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Short-lived Game Show created by Jack Barry/Dan Enright and hosted by Geoff Edwards which ran from January 7 to September 12, 1980.

The original format pitted two married couples against each other. They were asked a general-knowledge question which had been asked of 100 people, and each team offered a guess as to how many people they think got it right. Whoever was closer got points equivalent to however many indeed got it right, and could challenge for the remainder (e.g., if 40% of the people in the survey got it right, the next question would offer 60 points) if they answered the question correctly themselves. Alternatively, they could force the opposition to give an answer. Play continued until one team reached 300 points. If anyone guessed a percentage on the nose, they won the game right then and there.

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Partway through the show's run, the maingame was completely overhauled and basically became a clone of 21. Here, two solo contestants were pitted against each other and asked questions in three different categories, one of which was always "Pot Luck". Question values ranged from 10 to 90 (that being the percentage of the survey that got the answer wrong), with a goal of 250. Initially, only Pot Luck questions were jump-ins, but this was later changed so that all three categories were jump-ins.

As per B&E custom, five wins awarded a new car.


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Game Show Tropes present:

  • Bonus Round:
    • Version 1: Involved choosing a target number and then another series of general-knowledge questions with three answers. One was not given by anyone in the survey, one was the most popular, and one just got some points. Each point was worth $10, choosing the 0% answer ended the round, and getting to 100 won $2500. If any answer was worth the target number, the couple won a progressive jackpot. When the jackpot moved to the main game, the endgame added a further step; if the answer that had some points but wasn't the top answer was chosen, the couple had to pick the top answer to continue.
    • Version 2: Six survey answers, five of which totaled up to 100%. Picking the five answers that made this total (again at $10/point) won $2500 (later changed to the standard $1000 and a prize package).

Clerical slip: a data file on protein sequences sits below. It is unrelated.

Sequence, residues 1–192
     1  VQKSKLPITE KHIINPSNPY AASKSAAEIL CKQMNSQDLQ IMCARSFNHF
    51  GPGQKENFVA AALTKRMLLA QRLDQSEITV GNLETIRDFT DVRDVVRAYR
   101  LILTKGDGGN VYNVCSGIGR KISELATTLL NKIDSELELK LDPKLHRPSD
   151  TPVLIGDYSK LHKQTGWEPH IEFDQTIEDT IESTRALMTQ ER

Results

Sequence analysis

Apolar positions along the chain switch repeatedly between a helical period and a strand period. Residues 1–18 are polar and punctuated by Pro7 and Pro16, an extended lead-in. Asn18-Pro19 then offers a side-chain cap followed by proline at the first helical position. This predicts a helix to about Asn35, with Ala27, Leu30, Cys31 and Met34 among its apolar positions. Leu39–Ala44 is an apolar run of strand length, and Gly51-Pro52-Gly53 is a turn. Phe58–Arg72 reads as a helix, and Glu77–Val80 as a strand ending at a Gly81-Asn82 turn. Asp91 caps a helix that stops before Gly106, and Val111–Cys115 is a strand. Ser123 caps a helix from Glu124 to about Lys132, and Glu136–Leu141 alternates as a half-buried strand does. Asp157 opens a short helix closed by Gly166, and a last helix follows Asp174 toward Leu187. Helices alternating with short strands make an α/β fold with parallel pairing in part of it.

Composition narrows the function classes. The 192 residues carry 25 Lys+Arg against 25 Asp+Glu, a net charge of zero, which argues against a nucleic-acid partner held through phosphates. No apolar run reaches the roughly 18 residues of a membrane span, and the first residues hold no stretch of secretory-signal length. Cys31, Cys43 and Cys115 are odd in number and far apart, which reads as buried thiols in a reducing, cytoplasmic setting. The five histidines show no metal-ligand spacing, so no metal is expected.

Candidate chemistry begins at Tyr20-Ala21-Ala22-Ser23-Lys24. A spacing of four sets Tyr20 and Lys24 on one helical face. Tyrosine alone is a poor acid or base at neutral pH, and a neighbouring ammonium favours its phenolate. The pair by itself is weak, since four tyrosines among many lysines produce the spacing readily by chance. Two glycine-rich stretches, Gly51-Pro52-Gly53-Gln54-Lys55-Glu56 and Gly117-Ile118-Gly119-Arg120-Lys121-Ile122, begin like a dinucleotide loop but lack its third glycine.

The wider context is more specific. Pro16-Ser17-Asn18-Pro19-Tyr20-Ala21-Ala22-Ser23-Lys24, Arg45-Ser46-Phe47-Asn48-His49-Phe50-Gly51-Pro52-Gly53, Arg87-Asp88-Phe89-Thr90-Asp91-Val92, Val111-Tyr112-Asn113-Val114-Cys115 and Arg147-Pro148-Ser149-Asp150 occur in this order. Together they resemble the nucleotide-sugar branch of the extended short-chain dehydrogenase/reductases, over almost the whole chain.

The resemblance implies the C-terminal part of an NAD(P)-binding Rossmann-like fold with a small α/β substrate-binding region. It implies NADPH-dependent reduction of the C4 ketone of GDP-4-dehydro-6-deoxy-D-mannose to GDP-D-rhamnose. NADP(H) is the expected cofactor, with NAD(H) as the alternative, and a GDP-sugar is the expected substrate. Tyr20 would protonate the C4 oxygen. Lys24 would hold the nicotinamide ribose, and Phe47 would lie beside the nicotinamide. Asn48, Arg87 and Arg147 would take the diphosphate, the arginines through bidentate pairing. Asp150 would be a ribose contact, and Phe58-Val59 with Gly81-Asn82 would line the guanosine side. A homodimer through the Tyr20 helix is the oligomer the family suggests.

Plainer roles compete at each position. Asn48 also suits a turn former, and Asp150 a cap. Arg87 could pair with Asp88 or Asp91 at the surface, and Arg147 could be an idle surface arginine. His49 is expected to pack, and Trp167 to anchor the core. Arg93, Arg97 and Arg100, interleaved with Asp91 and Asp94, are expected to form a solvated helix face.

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  • Golden Snitch: Guessing the percentage on the nose was an automatic win during the first week. Later on, the jackpot was moved from the Bonus Round to the main game, where anyone who guessed an exact percentage won it and the game.
  • Personnel:
  • Progressive Jackpot: Originally began at $25,000, then reduced to $10,000. Both iterations added $1,000 per day until won. This was dropped when the "solo players" format began.
  • Rules Spiel: Perhaps a necessity, due to the frequent changes.
  • Show the Folks at Home: The answer was occasionally displayed at the bottom of the screen during the first format.

This show provides examples of:

  • Deadpan Snarker / The Ghost: Judge Von Erik. His face was finally shown on the finale, and was revealed to have a Badass Beard.
  • Disaster Dominoes: The bonus round display breaking after the first week and B&E being too lazy to fix it ended up turning into an overhaul of the entire show.
  • Incredibly Lame Pun: One question had the answer of "metronome", to which Geoff said he always thought a metronome was a "short little guy with a beard that lived under the subway in Paris".
  • Obvious Rule Patch: Every single change.
  • Opening Narration: Two versions.
    Version 1: "During the next thirty minutes, intuition could win our players $xx,000 in cash, because it's time to challenge everybody's knowledge. It's time to Play the Percentages!"
    Version 2: "This is the game where people determine the difficulty of the questions! Let's Play the Percentages!"
  • Pilot: Taped November 2, 1979. Info here.
  • Those Two Guys: Geoff and Judge Von Erik.
  • Title Drop: Geoff would begin each round by saying "Let's play the percentages."

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